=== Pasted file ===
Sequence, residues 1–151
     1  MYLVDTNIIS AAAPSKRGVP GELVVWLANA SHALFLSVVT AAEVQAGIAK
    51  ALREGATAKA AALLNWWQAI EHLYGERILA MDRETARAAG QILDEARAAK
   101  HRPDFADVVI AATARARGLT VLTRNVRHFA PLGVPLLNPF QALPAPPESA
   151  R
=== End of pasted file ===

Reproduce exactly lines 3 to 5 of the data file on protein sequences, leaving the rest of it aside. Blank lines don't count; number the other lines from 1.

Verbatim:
    51  ALREGATAKA AALLNWWQAI EHLYGERILA MDRETARAAG QILDEARAAK
   101  HRPDFADVVI AATARARGLT VLTRNVRHFA PLGVPLLNPF QALPAPPESA
   151  R